and a 'full RS-232' port, one could successfully sell a modem that
needed only a 3-wire port for a significantly higher price than a 'full
RS-232' modem sold for, and still *SAVE* the customer money, overall.
(combined cost of modem and the serial port for the computer)

Other people, before Hayes, had used 'in-band' signalling (and still do)
for conveying dialing instructions to the modem.  However they require
manipulation of some of the additional signals in a 'full' RS-232
interface to switch between the mode where commands are sent and one
where all data is passed through 'transparently'.

Hayes' _key_ innovation, and the one for which they got a patent -- the
only patentable feature of their basic system -- was the means of
escaping from "_transparent_ data transmission" back to "command mode".
i.e., the mandatory 'guard time' surrounding the magic character
sequence ('+++', by default).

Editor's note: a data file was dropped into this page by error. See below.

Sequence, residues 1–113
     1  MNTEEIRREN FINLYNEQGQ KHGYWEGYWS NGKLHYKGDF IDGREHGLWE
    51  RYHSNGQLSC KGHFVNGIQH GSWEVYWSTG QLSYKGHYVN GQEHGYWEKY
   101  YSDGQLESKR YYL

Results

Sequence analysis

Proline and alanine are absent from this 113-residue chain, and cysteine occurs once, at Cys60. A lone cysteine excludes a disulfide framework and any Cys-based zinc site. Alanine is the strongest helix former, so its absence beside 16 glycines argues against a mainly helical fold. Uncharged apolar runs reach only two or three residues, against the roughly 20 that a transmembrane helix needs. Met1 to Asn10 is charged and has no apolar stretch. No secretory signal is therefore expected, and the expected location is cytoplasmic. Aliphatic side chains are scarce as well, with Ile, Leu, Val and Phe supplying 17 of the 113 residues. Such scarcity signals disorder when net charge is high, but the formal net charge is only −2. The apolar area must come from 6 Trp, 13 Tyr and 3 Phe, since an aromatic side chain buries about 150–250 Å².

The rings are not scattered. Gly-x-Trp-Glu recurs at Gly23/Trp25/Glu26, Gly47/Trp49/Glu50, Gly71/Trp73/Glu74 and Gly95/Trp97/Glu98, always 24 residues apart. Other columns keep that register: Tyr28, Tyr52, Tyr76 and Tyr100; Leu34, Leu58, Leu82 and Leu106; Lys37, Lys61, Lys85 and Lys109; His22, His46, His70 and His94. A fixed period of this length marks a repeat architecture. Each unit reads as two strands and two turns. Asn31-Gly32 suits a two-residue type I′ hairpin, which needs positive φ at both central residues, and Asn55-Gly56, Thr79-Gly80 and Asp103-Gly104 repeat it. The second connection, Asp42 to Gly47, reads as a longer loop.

Re: Dr. James Marsters, TTY deaf service developer [Telecom]


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Actually, at the time there were a bunch of modems (including the
Anchor Signalman II) which used the DTR line to control the hookswitch.
Doing this allowed software on the computer to toggle the DTR line and
pulse-dial the modem.  Then it would wait for the CD line to go high
when the modem finally detected a carrier and locked up.
--scott

--
"C'est un Nagra.  C'est suisse, et tres, tres precis."


Re: Dr. James Marsters, TTY deaf service developer [Telecom]


Scott Dorsey wrote:
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 >>
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The "Claim To Fame" for the Hayes modems was, as John Levine pointed
out, that it could be used with only a three wire connection. This may
seem like a solution in search of a problem today, but return with me
now to those thrilling days of yesteryear, prior to the Borg -
        
* There was no agreement on what connectors to use: my Heath H89 had